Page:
Photoshop’s “Smart Object” and “Smart Filter” options provide the ultimate in flexibility: in essence, you store an unchanged version of the pixel or vector data in the pantry (embedded in the file), and Photoshop can always use that information as a fresh starting point for edits and transforms. You can designate any layer as a Smart Object via the Layers Panel menu, and when you import pixel or vector content by choosing File>Place, it’s automatically earmarked as a Smart Object.
Additionally, you can use Filter>Convert for Smart Filters to use the Smart Object approach while you apply endless filters to transmogrify a layer (and not always for the better).
But keep in mind that all the original pixel or vector content is stored for future reference: If you crop an image containing a Smart Object layer, you might notice that there’s no reduction in file size (see below).
That’s because the whole shebang is still lurking behind the scenes. The good news is that you can crop or transform, and you still have all the original material to play with.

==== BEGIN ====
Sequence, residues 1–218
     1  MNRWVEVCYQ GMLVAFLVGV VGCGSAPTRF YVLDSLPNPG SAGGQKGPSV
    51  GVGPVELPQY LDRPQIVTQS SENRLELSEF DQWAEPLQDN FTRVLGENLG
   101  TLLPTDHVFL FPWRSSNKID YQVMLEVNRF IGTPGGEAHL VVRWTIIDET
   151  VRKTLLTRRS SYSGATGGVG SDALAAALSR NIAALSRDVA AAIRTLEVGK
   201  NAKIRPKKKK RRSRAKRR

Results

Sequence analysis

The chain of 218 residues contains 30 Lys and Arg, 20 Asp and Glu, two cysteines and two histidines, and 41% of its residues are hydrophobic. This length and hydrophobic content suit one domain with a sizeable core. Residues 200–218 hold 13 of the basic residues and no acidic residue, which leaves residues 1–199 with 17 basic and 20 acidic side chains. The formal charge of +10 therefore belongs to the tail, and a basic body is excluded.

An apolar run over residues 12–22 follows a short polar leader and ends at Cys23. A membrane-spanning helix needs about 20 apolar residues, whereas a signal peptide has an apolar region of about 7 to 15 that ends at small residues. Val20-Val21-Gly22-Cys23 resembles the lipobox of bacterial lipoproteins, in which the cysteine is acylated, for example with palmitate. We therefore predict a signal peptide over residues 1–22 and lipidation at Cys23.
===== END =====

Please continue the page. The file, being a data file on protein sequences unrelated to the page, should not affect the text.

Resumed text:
Above, you see a cropped “plain old” image on the left, and a cropped Smart Object on the right. They look the same, but the image on the left is 1.8MB on disk, whereas the image containing the Smart Object displaces a whopping 31MB.
You get a surprise when you use the Crop tool on these images.Two surprises, if you didn’t know that you can actually drag outside the image limits with the Crop tool to increase the canvas size. Click and drag with the Crop tool, and it seems that you’re limited to the edges of the image. But grab one of the crop marquee handles, and you discover that you can drag beyond those limits. Whee! Quick way to add canvas.
With non-Smart image content, the “de-crop” move just adds pixels of the background color (top image, above). But try this move with an image containing Smart content (bottom image, above), and this is when you discover that all of the original image is still there. Ahhh… that explains why the file size is unchanged when you crop an image with Smart content: it’s all waiting in the wings, in case you might need it.